Page-one headline in tonight's electronic version of The New York Times: "Celtics Lose Despite 31 Points From James." Didn't I just watch that game? And didn't the Celtics win? And doesn't Lebron James play for the Miami Heat? Just goes to show that even the great ones can screw up now and then.
Which reminds me, have you read wine-blogger Steve Heimoff's recent dissing of white zinfandel? If not, check it out here. And if you're a white-zin fan, don't let Heimoff's stern criticism of your taste in wine fire up your ire. Sure, he says "white zinfandel is for people who don't understand fine wine, don't care to, and don't need to." He's just using white zinfandel as his gateway to his real target, which is a recent study that purports to show that tasters with a fondness for white zinfandel have unusually sensitive palates, or something to that effect. I also have problems with that study, which actually is more of an opinion poll, but I'll save my comments on that for another day. I want to dwell on white zinfandel for a moment.
As Heimoff, I'm not a big fan of white zinfandel, at least not as it customarily is made these days, which is simple, flabby, sweet and short. But I do remember the white zinfandel of the 1970s and 1980s. Winemakers began to turn the black grape zinfandel into pink wine because the market for traditional red zinfandel had softened so dramatically that vintners often wondered whether it ever would rebound. Their ingenuity in wringing refreshing blush wine from zinfandel rather than give up on the variety and tear out vines has been frequently credited for saving several of California's older and more historic zinfandel vineyards. If not for white zinfandel, we likely wouldn't see on store shelves today nearly as many "old-vine" zinfandels as we do. That may or may not be a good thing, and for the moment we'll also leave that topic for another day.
Some of those early white zinfandels were duds, bone dry and stiff. Others were so well made, which is to say fruity, zesty, balanced and refreshing, that they weren't limited to the picnic basket, but graced the holiday table. Some were even complex. They were difficult to make well, which could explain why the more involved style of white zinfandel isn't likely to be found today. How often I've wished that veteran Amador County and Napa Valley winemaker Scott Harvey would revive the white zinfandel he made at the old Santino Winery in Shenandoah Valley. A touch sweet, a touch spritzy and downright crisp with acidity, it was as versatile at the table as it was refreshing on the palate.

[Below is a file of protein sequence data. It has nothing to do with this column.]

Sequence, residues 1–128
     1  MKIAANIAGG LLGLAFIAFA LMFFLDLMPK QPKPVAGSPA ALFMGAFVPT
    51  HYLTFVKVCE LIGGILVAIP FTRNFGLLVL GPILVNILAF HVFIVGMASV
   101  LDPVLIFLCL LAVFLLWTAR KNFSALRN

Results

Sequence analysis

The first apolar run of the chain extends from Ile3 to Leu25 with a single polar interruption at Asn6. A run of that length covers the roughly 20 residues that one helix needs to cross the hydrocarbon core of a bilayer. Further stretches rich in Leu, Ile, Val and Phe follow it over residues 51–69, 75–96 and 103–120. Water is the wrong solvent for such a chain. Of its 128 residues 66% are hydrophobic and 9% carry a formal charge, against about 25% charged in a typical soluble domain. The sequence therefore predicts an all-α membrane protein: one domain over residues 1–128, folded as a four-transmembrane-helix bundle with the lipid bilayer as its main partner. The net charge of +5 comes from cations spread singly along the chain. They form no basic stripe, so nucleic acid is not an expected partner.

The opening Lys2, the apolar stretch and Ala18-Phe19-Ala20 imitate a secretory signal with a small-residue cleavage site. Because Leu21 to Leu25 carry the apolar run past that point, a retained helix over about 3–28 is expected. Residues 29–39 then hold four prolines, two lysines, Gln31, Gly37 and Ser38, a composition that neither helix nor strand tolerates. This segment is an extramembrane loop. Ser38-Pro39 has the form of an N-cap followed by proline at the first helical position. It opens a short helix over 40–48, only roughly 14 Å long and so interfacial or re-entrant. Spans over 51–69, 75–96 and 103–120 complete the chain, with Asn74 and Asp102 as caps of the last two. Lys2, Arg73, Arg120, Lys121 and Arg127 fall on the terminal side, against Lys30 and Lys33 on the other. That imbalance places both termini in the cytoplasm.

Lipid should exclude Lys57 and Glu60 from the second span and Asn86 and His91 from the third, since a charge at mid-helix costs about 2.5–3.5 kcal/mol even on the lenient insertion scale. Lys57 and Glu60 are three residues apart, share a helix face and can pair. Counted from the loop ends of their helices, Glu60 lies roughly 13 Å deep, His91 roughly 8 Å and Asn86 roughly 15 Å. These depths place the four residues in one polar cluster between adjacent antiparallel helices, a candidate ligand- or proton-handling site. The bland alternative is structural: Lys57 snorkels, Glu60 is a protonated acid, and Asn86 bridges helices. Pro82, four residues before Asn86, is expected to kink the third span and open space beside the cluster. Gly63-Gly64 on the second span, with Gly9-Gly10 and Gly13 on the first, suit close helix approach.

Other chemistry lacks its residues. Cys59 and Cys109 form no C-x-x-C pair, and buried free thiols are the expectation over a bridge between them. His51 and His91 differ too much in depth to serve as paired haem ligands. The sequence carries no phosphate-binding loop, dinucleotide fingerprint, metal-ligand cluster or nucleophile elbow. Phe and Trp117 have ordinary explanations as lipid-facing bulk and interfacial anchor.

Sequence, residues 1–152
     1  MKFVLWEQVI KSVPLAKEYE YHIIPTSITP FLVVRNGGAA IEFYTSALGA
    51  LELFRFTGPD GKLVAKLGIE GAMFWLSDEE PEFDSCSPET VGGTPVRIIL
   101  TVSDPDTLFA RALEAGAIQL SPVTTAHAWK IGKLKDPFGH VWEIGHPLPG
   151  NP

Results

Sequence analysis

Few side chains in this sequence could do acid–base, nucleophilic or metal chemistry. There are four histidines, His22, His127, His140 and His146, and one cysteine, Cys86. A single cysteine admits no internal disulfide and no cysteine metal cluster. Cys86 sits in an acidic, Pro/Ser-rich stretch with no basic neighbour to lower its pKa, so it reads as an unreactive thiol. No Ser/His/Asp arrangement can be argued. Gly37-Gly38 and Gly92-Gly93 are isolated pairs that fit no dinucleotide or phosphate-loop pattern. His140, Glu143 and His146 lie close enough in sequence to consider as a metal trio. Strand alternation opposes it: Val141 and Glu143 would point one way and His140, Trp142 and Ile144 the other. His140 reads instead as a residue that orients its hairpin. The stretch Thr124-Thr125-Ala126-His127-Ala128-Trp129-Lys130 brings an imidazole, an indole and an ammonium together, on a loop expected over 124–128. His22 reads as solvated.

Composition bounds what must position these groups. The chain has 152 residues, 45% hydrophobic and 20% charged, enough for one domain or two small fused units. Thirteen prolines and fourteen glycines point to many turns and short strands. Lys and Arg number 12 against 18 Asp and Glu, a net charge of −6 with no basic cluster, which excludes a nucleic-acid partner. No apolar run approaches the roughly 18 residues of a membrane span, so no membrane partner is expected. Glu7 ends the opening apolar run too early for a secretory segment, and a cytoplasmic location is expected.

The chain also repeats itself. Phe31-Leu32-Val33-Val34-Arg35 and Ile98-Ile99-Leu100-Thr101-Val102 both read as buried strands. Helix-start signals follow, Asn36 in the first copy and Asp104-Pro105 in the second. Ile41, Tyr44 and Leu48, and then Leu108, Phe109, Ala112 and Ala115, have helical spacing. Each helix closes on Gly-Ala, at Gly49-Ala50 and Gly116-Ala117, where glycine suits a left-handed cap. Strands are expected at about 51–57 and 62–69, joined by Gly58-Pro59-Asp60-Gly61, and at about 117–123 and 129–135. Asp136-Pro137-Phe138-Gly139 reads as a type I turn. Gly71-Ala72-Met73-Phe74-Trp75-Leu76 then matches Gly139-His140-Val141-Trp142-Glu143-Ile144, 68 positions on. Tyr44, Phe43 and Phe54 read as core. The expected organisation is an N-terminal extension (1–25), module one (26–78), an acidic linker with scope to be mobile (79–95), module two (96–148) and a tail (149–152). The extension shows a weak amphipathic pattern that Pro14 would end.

Was it a great wine? For what it was, yes, at least for me, for the pleasure and interest it delivered. Steve Heimoff wouldn't think so. "White zin has its place, but it's not a great wine," he writes in tossing his wet blanket over the entire genre. Granted, white zinfandel generally isn't made with pretensions to be a great wine, as he says. But his posting begs the question: What is a great wine? "There are standards," says Heimoff. The closest he comes to listing them, however, is this remark: "It (white zinfandel) generally costs less than $10, hardly the province of great wine." That's it? Price alone? He suggests that the quality of a wine can be objectively determined, yet doesn't recite any objective benchmark to measure where a wine falls on the greatness scale. Just how does white zinfandel come up so short in his estimation? "A well made dry wine is objectively better than a sweet white zinfandel," he concludes. So, sweetness apparently has something to do with his criteria. Where's that leave Port and Madeira? To Heimoff's palate, dry wines can be great, sweet wines not so much. But that's a subjective opinion, not a conclusion reached objectively. I hope he returns to the topic of great wine so I can be enlightened.
Right now, however, I've got to check The Times to see who won the Rockets/Lakers game. Ah, it's still going on, but this just in, according to a new headline: "Celtics Rain on Heat's Future Parade." Revision can be sweet.
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